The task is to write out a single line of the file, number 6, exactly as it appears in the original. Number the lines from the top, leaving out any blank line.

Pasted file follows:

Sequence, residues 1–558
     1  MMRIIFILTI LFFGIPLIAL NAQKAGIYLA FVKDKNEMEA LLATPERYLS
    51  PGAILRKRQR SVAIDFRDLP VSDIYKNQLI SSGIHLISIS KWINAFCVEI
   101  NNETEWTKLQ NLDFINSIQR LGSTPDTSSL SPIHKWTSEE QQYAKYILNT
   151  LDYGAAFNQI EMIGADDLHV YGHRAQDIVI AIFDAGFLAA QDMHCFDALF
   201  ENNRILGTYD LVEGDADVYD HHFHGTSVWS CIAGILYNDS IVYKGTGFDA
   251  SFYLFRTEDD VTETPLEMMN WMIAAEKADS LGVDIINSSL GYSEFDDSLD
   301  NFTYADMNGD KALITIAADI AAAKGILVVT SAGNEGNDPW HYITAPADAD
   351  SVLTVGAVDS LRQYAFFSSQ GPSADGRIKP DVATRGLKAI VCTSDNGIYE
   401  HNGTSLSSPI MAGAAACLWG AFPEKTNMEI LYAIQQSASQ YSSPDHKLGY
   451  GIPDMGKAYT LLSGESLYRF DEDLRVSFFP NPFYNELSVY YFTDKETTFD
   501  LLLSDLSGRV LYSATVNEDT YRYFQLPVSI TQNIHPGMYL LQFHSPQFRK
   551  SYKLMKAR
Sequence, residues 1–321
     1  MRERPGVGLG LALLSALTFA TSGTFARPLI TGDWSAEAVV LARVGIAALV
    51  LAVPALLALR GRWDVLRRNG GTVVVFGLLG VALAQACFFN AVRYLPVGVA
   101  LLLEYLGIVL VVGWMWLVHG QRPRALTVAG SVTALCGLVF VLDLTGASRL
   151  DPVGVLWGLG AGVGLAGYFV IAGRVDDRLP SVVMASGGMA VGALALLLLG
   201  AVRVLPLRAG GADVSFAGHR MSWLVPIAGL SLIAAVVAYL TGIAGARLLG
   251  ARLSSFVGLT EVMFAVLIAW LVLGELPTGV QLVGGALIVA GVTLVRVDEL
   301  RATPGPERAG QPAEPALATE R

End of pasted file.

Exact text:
   201  ENNRILGTYD LVEGDADVYD HHFHGTSVWS CIAGILYNDS IVYKGTGFDA